Thursday, September 6, 2012

Parallax and Eratosthenes

I've begun Chapter Two in earnest! Pages are roughed out and starting to assembled finished pages. The first page here is a reworking of a piece i did some time ago called "Mind the Gaps" as a chapter for a book by my advisor Ruth Vinz on narrative inquiry. One side note, in the earlier piece i used the parallax view to show the depth of the Orion constellation. Here because of Perseus' inclusion in the Chapter prior, i figured out the relative distances of the stars in Perseus. 

The second page picks up the theme of parallax and connects it to Eratosthene's calculation in which he not only demonstrated the world was not-flat, but also measured its circumference quite elegantly. I was familiar with this method from my dad's physics course, and had wanted to work it in somewhere in the narrative. At some point in playing with ideas, i realized how much it resonated with my working definition of unflattening, and how it could be used to introduce the concept. Anyhow, that's a bit behind the scenes... - Nick 


Armadilla said...

I am an avid reader of the website, T&P (and they are actually really big on science, technology, media, and then goes art and occasionally education. They are considered to be a very innovative project in Russia and they always manage to get really prominent scientists and media people to give them an interview, so congrats on this quality journal interview!). Also, I am absolutely amazed by your project!!!While doing research on a non-conventional system of communication myself, I think this is truly amazing that you are writing a dissertation in this form. And the illustrations look absolutely fascinating!!!I hope you will publish your final work, so more audiences will be exposed to this great piece of art and science!I have 3 questions for you:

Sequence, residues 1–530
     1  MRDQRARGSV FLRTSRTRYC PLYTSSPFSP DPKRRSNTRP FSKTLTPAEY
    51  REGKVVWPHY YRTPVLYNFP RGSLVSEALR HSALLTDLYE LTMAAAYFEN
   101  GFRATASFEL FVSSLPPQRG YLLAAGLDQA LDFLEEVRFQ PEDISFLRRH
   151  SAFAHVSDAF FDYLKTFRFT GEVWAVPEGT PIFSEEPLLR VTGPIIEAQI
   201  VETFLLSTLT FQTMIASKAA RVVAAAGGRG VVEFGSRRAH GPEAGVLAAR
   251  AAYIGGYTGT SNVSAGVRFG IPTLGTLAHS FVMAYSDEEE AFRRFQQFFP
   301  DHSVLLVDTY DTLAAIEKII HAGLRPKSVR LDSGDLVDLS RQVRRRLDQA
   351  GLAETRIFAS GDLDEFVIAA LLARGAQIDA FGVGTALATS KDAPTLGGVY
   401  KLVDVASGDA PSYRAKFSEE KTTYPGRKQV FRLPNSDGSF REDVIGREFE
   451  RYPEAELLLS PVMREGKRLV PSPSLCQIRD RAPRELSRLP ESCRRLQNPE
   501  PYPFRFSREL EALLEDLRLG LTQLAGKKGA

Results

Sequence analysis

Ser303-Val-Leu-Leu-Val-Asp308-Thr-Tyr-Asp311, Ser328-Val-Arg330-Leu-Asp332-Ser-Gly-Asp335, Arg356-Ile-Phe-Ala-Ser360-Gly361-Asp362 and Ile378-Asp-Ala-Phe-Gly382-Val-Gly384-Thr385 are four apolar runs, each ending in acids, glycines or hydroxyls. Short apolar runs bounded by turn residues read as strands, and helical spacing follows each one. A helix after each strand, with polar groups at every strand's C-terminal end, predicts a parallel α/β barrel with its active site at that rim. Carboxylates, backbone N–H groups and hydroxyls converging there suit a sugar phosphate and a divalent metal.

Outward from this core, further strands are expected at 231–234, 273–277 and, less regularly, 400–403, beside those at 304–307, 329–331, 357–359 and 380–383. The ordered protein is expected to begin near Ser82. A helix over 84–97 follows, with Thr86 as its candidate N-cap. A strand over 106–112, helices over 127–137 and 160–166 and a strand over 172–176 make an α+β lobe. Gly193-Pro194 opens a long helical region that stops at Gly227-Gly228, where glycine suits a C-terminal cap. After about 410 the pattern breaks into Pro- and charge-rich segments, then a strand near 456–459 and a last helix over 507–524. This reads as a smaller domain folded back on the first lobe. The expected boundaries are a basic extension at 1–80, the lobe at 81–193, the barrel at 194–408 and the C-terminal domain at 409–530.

1. Do you use Illustrator?
2. If you present your research at a scientific conference, do you also demonstrate the comic strips in your PowerPoint or you use a different medium?
3. Was it really not hard to convince your committee to allow you to write a dissertation in this form?

nsousanis said...

Hi Armadilla,
thanks for your comments and interest in what i'm up to. I'm quite honored T&P reached out to me and offered such thoughtful questions. I do intend to publish this in its entirety when it's finished. In the meantime i'll continue posting excerpts on my site.

To your questions - 1) I don't use illustrator. I draw freehand on an old wacom tablet in photoshop.
2) I've been presenting a lot at conferences and such things in the past year or so, and show slides of my work throughout - never with ppt text though - not a fan of having people read when there's someone there in front of them!
3) It really wasn't that hard to convince my advisors, but mostly because i came in with the thought that i would do this and because i think my advisors quickly saw the potential in this form of expression.

Thanks for the comments - hope you share your research on non-conventional communication... - Nick